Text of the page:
John Weinberger’s Life Mattered For So Many Reasons…
I don’t remember exactly when I first met John Weinberger, but it was undoubtedly somewhere in the early 80’s, at the old Continental Motors building on Ogden Avenue.
Out of embarrassment, I’d parked so far away I should have brought a canteen, driving something my aunt Millie would have appreciated as practical, efficient, and the literal opposite of ostentatious.
As I got closer, people were driving into the event in cars that I would have gladly shanked the owner for, just to sit in something with 12 cylinders.
Easy to figure out who John was, the owner of Continental, obvious as everyone wanted his attention. A moving object, John, like a running back or a landslide-elected mayor, stepping aside to greet an old acquaintance, turning to a new introduction, managing to somehow touch nearly everyone, waiving to those too far away for his voice to carry.
When I finally did introduce myself to John, he treated me as if we were long time friends, chatted Ferraris for a much longer time than he actually had to spare, peppering our conversation with words of encouragement not just about Ferrari, but cars in general, motorsports, and his long-held passion for those that felt the same.
You’ll get a Ferrari, he would said. I believed him…
I learned from John that there was no best car, that they all had their appeal, that they were like your children; frustrating today but sublime the next. But I did get that Ferrari, and later a couple more from him.
The Ferrari Dealership…
Lots of people, especially newer clients, don’t know how John came to own a Ferrari dealership. When the Ferrari factory came to Chicago to scout out a new location, everyone at that time assumed restaurateur, Joe Marchetti, would get the nod. Long a Ferrari supporter, Marchetti was deeply ingrained in the midwest and an ardent Ferrari guy.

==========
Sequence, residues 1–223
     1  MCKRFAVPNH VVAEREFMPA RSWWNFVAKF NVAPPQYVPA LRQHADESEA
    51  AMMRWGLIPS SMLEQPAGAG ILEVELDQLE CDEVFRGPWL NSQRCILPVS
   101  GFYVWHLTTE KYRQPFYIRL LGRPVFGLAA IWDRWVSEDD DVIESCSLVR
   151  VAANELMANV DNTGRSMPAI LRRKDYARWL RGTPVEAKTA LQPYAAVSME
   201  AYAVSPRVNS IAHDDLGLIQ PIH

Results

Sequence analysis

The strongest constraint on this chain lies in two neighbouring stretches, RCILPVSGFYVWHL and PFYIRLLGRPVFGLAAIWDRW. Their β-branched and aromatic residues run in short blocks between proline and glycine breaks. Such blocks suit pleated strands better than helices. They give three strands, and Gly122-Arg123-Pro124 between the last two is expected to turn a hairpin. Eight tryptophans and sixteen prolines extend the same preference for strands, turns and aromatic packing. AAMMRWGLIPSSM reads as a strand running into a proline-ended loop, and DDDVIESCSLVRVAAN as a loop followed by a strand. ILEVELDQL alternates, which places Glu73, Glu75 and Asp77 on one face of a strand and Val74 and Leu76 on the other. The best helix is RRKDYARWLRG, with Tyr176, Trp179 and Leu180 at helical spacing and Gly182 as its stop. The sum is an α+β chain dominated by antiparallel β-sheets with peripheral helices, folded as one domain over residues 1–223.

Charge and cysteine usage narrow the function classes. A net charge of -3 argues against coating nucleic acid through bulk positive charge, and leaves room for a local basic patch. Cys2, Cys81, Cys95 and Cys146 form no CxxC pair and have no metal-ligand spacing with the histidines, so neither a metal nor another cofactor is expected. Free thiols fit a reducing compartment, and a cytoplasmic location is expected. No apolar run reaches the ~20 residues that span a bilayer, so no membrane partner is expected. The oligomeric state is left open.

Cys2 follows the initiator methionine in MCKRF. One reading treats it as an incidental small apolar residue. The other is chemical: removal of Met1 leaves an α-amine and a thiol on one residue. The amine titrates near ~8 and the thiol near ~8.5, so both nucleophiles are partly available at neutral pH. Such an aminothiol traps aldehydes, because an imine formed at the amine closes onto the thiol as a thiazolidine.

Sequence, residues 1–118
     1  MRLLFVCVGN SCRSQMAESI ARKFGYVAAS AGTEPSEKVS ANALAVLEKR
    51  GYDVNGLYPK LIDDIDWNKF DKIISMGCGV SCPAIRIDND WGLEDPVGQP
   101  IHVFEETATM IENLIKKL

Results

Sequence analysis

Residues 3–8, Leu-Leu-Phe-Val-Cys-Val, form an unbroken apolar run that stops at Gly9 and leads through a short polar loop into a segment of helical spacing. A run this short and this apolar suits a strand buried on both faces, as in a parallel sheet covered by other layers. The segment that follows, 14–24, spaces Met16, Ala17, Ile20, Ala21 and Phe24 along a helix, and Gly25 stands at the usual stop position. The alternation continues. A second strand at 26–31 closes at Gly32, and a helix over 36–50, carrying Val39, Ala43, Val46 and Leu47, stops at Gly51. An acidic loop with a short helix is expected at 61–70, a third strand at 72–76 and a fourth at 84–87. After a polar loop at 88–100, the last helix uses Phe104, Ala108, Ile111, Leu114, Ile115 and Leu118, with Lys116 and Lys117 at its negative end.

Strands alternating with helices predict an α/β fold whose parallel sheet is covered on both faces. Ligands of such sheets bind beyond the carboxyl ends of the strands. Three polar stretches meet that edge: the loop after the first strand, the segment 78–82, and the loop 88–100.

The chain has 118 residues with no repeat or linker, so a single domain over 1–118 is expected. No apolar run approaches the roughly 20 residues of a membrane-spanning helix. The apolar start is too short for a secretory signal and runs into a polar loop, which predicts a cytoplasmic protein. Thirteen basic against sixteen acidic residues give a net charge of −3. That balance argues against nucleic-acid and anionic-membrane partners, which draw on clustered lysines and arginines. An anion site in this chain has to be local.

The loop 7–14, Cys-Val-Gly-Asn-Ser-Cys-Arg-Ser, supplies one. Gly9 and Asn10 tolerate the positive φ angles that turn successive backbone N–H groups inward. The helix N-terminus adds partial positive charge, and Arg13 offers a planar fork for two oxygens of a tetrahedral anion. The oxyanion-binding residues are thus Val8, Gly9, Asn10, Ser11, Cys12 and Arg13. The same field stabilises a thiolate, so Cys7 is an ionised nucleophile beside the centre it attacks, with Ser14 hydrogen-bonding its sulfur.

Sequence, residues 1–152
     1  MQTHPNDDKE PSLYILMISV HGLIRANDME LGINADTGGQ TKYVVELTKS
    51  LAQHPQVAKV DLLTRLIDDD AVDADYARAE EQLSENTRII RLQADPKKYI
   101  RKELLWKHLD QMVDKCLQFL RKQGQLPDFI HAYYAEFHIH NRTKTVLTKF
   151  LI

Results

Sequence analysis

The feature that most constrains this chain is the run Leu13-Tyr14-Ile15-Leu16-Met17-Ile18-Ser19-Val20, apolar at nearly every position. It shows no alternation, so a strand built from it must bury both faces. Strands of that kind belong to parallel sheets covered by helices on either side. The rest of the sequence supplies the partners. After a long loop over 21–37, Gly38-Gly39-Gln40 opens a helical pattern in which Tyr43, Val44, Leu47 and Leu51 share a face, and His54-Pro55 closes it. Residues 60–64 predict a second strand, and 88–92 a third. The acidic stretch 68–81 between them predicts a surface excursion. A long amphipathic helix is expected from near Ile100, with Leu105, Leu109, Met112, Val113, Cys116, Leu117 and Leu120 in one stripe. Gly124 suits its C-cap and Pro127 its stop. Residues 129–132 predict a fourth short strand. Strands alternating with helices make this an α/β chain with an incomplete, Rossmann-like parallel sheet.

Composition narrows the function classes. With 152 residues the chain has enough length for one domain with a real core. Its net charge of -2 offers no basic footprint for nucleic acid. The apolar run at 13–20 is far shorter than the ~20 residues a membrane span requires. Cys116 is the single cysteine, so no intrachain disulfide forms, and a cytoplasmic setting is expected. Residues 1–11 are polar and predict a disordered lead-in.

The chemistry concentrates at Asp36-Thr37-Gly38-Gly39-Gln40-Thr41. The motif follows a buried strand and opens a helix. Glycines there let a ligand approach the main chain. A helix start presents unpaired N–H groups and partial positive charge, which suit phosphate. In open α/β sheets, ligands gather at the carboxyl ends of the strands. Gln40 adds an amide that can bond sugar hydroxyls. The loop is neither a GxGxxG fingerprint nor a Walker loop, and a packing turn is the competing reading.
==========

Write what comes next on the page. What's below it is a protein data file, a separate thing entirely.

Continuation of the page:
But the Ferrari factory had sent a mechanic, not an executive, to explore a new dealership. John, with his intimate knowledge of what’s-under-the-hood was the perfect guy for Ferrari here in Chicago, and as only two mechanics can do, the deal was done with a handshake and a bit of vino. In an interview, John confessed a bit of wariness after besting Marchetti, a little nervous that he would wake up with a horse’s head in his bed, like the scene in The Godfather.
John’s consumate sales skills were certainly on display when he asked me to take over as Regional Director for the Central States FCA. Just for a month or two, and he would help me through getting things running. Four years later, I was still in the job, and John had given more than he’d promised, of his time, energy and sponsorship. But we often have laughs about his con job and how his simple request for a few months work was by design. He knew I would be in for the long haul, even if I didn’t.
Inevitably, John got old, and his health began to fail. Aside from having to speak up a bit when his hearing went, he was always chatty, never missing an opportunity to spread kind words, always looking on life’s bright side no matter how sick. Everyone hoped that the universe saw what we all saw of the man, and would convey a couple more decades of life to him. It was not to be.
Forget all the successes John had in his life, from racing to dealerships to family. What you do in life and who you touch, is far, far more important than accolades you’ve gathered.
Countless times in conversation, John would quote Yogi Berra’s famous line, “when you get to the fork in the road, take it”, chuckling a bit, using it to make a point about this or that. Many have come to realize that when John stood at the crossroads of life, he always opted for the road less traveled. John’s life was really about that; of all the praise that was and will be spoken about John Weinberger, it’s how he always took the path of a gentleman, at a time when that word has so fallen out of favor.
We’ve all been along on the ride with John Weinberger. If his life was a movie, it would become one of those you’d watch again and again, sitting through the credits at the end, knowing his time, and our participation, was time very well spent.